If you look at the back of an iPhone it says “Designed by Apple in California, Assembled in China.” The actual parts out of which it was assembled come from a whole bunch of different countries. Consequently, the actual value is dispersed to a whole bunch of places. But as Jacob Goldstein expalins, under current statistical rules “the entire manufacturing cost of each iPhone — about $179 for each iPhone 3G, as of 2009 — is counted toward China’s export totals” even though the China-located assembly process only accounts for about $6.50 per phone.
As Yuqing Xing and Neel Detert explain (PDF) in “How iPhone Widens the US Trade Deficits with PRC” the result is that what’s really a very successful American export product (the iPhone’s intellectual propert and industrial design characteristics are much more valuable than its manufactured components) ends up counting as a net import.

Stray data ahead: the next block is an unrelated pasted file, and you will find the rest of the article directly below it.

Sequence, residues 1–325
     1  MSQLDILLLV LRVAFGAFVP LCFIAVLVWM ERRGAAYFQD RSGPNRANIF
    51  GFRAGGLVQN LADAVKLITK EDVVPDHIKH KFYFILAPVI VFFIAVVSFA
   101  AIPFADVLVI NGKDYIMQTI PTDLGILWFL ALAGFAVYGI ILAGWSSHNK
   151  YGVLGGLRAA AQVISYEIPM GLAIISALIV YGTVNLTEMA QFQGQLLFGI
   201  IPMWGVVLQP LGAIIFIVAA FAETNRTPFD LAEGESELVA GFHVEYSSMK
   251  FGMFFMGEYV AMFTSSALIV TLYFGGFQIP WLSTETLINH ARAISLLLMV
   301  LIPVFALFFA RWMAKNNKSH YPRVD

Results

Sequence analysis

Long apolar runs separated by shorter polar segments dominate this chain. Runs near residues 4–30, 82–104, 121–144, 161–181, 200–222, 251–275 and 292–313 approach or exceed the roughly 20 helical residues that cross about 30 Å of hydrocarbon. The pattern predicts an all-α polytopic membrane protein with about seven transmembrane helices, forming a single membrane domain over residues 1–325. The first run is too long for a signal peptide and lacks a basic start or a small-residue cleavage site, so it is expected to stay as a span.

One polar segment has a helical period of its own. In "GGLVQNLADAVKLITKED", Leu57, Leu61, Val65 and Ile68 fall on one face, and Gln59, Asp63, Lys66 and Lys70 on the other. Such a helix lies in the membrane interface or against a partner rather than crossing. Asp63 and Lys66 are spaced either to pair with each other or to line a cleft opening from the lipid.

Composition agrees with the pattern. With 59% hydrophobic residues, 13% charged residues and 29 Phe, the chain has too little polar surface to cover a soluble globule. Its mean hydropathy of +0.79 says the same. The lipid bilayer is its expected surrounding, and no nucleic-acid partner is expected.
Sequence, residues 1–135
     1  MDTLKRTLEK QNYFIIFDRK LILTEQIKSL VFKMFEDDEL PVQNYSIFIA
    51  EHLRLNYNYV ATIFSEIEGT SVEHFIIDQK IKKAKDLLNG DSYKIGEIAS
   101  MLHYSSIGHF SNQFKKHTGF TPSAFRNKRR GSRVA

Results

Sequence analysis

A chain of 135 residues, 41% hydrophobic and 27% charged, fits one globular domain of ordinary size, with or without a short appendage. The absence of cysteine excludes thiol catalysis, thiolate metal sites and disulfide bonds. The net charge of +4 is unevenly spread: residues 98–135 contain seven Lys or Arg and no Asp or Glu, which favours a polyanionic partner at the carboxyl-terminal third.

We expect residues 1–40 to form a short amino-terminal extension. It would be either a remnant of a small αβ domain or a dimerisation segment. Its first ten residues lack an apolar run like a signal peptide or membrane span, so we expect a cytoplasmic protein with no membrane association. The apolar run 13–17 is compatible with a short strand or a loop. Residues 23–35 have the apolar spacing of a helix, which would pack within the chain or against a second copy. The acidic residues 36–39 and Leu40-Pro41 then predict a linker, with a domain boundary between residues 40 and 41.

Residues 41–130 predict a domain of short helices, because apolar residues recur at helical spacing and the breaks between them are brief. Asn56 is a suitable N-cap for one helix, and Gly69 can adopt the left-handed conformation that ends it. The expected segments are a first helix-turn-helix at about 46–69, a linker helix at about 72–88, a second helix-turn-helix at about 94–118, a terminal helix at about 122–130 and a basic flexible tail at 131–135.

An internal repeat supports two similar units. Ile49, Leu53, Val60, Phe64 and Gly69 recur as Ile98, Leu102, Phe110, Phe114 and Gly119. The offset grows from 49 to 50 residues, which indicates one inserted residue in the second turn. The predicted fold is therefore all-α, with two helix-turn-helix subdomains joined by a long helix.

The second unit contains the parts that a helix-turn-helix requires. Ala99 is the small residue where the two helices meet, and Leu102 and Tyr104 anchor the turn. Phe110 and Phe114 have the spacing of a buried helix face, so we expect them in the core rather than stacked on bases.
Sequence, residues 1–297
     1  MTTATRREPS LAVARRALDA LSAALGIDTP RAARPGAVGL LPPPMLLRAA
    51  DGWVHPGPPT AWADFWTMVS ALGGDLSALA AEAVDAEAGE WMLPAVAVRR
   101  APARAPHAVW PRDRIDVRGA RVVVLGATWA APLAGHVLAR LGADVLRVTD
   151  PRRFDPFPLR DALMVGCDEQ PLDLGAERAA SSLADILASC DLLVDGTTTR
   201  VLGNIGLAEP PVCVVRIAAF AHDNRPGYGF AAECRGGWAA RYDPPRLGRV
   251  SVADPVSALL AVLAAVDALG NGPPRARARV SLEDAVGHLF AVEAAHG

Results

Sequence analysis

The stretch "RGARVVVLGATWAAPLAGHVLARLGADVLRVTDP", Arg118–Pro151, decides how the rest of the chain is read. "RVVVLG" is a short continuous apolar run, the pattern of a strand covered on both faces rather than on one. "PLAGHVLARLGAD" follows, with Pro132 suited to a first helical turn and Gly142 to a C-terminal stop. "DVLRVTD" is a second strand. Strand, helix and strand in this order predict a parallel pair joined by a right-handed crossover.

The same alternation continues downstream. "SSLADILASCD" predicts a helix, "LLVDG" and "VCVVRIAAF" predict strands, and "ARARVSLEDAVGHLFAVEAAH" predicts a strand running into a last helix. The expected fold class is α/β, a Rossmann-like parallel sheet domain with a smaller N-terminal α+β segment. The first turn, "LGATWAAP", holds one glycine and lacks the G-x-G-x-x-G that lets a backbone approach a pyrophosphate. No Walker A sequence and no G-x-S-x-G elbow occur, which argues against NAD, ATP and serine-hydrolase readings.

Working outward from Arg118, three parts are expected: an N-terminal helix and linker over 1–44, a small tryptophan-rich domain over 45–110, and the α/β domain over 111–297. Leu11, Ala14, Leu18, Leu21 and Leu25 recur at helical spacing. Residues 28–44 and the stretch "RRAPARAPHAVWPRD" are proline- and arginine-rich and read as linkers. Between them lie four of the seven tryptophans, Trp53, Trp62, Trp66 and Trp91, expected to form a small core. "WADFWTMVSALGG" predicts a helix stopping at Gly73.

That’s a little primer in why it’s worth keeping in mind that objects in the balance of trade may not be exactly as they appear. Still fundamentally it strikes me as underscoring the fact that it’s a problem for the world when a major economy doesn’t let its currency float. There are a lot of different ways these trade statistics could be assembled, and a lot of different ways you can interpret them. What’s not open to interpretation is the fact that in an open exchange rate regime, currencies adjust in line with trade flows. When Americans start buying more stuff from Canada, that makes Canadian money more expensive; when Canadians buy more American stuff, the reverse happens. This is all nice and automatic, and doesn’t depend on any particular interpretation of the global supply chain. It’s a good system, and China and the world would benefit from moving in that direction.